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Schulich Law Professor Jennifer Llewellyn co‑organizes national symposium on restorative justice

- January 24, 2017

Jennifer Llewellyn (left) with Schulich Law Project Manager Chrystal Gray. (Provided photos)
Jennifer Llewellyn (left) with Schulich Law Project Manager Chrystal Gray. (Provided photos)

Jennifer Llewellyn, the Viscount Bennett Professor of Law at Dal's Schulich School of Law, is not alone in her belief that the Canadian criminal justice system is facing significant challenges.

Judges, police officers, academics, nonprofit workers, and First Nations peoples from across the country have criticized the established order for being inaccessible, ineffective, discriminatory, overburdening, and likely to over-criminalize marginalized groups.
 
These patterns are recognized, Prof. Llewellyn says, in both the TRC Call to Action and the Federal Justice Minister’s Mandate Letter, which address issues of over-incarceration and call for an increased use of restorative justice in Canada.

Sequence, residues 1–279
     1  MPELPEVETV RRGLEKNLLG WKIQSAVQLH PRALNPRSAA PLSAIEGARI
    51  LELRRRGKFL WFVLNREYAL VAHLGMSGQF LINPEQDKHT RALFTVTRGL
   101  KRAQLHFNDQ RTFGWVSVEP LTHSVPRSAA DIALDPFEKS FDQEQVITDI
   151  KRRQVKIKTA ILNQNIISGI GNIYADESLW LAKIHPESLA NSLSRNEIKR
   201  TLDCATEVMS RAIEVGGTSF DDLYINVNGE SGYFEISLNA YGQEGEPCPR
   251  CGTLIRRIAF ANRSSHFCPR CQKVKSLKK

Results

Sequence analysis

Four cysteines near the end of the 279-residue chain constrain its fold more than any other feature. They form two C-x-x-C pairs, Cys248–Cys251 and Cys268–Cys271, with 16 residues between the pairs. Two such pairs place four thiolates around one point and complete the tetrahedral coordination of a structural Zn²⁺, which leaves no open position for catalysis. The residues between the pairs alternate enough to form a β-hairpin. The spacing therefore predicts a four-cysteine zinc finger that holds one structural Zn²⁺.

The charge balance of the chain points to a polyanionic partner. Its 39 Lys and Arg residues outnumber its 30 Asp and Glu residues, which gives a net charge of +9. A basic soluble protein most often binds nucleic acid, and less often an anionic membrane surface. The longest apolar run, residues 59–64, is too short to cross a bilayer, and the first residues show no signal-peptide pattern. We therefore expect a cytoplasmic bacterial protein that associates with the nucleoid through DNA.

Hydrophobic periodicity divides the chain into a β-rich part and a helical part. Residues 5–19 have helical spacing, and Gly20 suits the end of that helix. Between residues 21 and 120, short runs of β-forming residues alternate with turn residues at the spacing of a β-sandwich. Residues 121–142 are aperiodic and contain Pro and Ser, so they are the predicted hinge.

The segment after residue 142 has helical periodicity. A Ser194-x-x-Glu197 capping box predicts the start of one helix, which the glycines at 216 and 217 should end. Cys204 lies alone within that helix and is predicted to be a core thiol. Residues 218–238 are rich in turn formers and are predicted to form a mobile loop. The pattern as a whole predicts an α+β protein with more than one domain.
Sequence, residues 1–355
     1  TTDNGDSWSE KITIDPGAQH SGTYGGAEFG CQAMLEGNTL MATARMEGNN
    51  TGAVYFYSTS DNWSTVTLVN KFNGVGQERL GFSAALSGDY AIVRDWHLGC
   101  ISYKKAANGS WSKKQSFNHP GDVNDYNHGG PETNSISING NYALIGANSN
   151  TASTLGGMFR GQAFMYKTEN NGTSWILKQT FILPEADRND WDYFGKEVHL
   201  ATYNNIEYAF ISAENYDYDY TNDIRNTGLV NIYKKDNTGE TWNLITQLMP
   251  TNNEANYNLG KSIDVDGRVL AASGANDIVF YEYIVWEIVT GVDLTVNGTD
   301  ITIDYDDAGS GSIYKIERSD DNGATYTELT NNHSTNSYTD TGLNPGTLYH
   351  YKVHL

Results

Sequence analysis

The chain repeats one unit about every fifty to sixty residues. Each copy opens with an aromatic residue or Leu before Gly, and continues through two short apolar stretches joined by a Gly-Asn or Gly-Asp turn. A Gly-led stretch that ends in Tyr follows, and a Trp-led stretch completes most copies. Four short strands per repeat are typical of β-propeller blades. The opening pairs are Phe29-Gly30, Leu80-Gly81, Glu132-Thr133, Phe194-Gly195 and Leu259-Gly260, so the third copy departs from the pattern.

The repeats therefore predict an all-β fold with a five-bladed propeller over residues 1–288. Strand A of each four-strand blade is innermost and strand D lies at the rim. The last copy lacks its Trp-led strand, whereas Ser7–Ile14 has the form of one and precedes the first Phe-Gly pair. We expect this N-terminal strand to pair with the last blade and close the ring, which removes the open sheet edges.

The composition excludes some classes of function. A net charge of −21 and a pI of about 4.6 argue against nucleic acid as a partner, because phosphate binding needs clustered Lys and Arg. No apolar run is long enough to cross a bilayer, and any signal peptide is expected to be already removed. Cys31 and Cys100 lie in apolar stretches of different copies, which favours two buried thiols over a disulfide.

Restorative justice is defined by the Government of Nova Scotia as a “response to crime that focuses on restoring the losses suffered by victims and communities. It holds offenders accountable for the harm they have caused...[and] is a different way of thinking about crime and our response to crime.”
 
In the wake of the previous federal government’s "law and order" agenda, policymakers are now considering the need for a fundamental reset in the direction of restorative justice. This was never more evident than at the two-day National Restorative Justice Symposium held last November in Halifax, where more than 300 attendees from various professions came together to discuss the future of restorative justice in Canada.
 
Videos: National symposium highlights from the Schulich School of Law